(as an ion in solution) is going to have a greater displacing effect on the Pb2+
, and that the Pb2+
will be more submissive in this arrangement.
Maybe this accounts for how the Mg2+
ion will remove the sulphation on the Pb plates, due to it's greater reactivity (its greater ability to lose e-
more readily to form + ions, corrode more easily and become a stronger reducing agent (electron donor)).
Perhaps it is, literally, displacing the Pb2+
of the PbSO4 at the surface area of where the Mg2+
in electrolyte meets the PbSO4 on plates, like the Pb moves out of the way, and lets the Mg take it's partner, which, being so easily water soluble, has no trouble dissolving into solution, thus removing the SO4 ion from the Pb plate.
I have wondered, if that is the case, why the Mg2+
as an ion in solution, would form Mg(OH)2
, rather than remain as MgSO4(aq)?
Also, I wonder if this means that the Mg would NOT displace onto the Pb plates themselves, unlike a less reactive metal such as Cu, which seems to be displaced onto the Pb plates, when the Pb comes into solution when using CuSO4.
I have read online about other people having big success of lead-acid battery rejuvenation using Alum (K2
Both K and Al are way higher on the reactivity table of metals than Pb, and so I wonder if it is having a similar effect to the Mg, but with an even greater effect due to K and Al being even greater in reactivity than that of Mg as well?
MgSO4 is highly water soluble compared to PbSO4, which tends to remain more as a precipitate.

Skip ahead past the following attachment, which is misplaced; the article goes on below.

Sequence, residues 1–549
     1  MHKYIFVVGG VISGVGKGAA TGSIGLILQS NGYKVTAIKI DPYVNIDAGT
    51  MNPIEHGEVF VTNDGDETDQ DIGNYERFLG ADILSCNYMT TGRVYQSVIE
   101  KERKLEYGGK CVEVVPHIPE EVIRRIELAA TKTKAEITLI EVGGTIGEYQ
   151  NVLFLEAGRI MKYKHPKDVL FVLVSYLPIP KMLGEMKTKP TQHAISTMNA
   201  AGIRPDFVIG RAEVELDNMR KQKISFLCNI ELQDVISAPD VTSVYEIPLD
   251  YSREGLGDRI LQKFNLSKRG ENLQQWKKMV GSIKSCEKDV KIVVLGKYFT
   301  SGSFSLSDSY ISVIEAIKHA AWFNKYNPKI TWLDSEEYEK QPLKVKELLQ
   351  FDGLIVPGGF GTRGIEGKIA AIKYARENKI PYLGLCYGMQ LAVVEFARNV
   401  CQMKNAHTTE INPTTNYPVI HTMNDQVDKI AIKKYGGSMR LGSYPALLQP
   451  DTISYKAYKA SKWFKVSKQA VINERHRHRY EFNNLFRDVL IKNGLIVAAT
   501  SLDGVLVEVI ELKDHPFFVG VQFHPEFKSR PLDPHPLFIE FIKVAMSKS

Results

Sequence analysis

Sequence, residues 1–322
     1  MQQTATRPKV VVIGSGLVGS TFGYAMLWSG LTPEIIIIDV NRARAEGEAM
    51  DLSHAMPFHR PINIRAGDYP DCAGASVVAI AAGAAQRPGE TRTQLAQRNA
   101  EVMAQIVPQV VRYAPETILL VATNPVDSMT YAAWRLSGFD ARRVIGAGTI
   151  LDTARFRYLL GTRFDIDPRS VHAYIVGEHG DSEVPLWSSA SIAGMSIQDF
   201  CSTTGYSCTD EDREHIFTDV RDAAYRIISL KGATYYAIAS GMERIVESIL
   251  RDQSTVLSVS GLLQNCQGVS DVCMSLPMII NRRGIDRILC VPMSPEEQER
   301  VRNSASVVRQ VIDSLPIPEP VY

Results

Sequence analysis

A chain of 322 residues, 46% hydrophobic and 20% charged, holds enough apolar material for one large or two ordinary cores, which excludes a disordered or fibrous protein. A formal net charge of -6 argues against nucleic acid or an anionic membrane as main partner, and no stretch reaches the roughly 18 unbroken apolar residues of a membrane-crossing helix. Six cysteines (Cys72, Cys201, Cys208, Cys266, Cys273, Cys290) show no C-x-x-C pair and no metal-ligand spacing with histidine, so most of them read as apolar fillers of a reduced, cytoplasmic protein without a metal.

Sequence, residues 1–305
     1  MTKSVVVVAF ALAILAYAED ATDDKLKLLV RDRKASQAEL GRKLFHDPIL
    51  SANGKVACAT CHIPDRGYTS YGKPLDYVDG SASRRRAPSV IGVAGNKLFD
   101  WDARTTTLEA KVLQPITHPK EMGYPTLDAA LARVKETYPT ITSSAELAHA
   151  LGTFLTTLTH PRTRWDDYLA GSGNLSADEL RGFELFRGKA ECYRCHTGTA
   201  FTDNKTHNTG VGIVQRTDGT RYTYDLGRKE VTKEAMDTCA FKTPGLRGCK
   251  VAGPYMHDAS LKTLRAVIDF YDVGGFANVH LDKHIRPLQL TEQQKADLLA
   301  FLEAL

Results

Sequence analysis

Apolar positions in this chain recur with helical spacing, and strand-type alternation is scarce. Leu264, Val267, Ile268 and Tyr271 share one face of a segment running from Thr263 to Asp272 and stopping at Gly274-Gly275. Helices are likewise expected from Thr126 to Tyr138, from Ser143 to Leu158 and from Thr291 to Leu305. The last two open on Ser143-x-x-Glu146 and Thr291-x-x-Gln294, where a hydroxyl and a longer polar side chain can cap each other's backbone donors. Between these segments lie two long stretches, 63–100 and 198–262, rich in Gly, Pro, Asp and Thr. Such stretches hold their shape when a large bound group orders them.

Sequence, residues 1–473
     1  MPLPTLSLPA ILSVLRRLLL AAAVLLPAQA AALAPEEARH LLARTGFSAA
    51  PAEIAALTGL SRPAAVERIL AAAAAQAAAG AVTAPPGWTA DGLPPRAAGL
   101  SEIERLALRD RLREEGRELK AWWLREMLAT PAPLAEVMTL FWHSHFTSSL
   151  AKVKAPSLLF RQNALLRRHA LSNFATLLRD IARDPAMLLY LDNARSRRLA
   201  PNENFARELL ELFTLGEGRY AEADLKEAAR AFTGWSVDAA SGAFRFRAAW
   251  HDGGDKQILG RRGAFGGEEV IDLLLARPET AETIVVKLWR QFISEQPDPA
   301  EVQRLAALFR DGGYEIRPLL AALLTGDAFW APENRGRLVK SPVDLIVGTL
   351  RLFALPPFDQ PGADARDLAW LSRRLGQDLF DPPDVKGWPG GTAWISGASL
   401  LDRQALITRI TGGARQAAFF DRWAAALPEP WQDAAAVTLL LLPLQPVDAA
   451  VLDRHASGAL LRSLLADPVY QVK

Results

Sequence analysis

Lastly, in my experiments, I have different batteries of differing molarity going on, to test the results.
Just for reference, in case it's helpful to anyone else, molar mass of MgSO4.7H20 (epsom salts) = 246.47g/mol
This means that:
0.3mol solution of MgSO4 = 75g per 1 Litre of H2O
1mol solution of MgSO4 = 246.47g per 1 Litre of H2O
5mol solution of MgSO4 = 1.2Kg per 1 Litre of H2O
In my experiment with the 0.3mol solution, I found that the battery (it was a 100A 12v deep cycle) did only present a small spark when shorted out across the terminals, and when shorted out through a shunt, it initially sparked very little, and had a small Amp reading across the shunt, approx. 3amp, however this began to rise, and over a course of 5 minutes, the shunt was reading approx. 50amps, and the 4Gauge wire connecting the terminals was feeling quite warm.
The battery itself felt warm, and the hottest point was in the cell that was the most sulphated of them all when I did the electrolyte conversion, from its previous lead-acid life.
I have wondered if the solubility of the PbSO4(s) back into solution, and then for the Pb to return to the plate is playing a role in throttling the "speed" of the reaction, and therefore the maximum short-circuit amp bandwidth, so to speak.
I have not yet run the same experiment on the 1mol and 5mol solution setups to see if the same thing occurs.
Can anyone add to / enlighten / correct my equations and calculations for all of this?,
I too am interested in alternative battery electrolytes, and with all the armchair scientists on internet forums out there naysaying to the possibility of using MgSO4 as an additive, let alone a stand-alone electrolyte, it would be great to refine and come up with an understanding of what processes and equations are actually going on.
Anyone got any funky ideas?
- Sylph H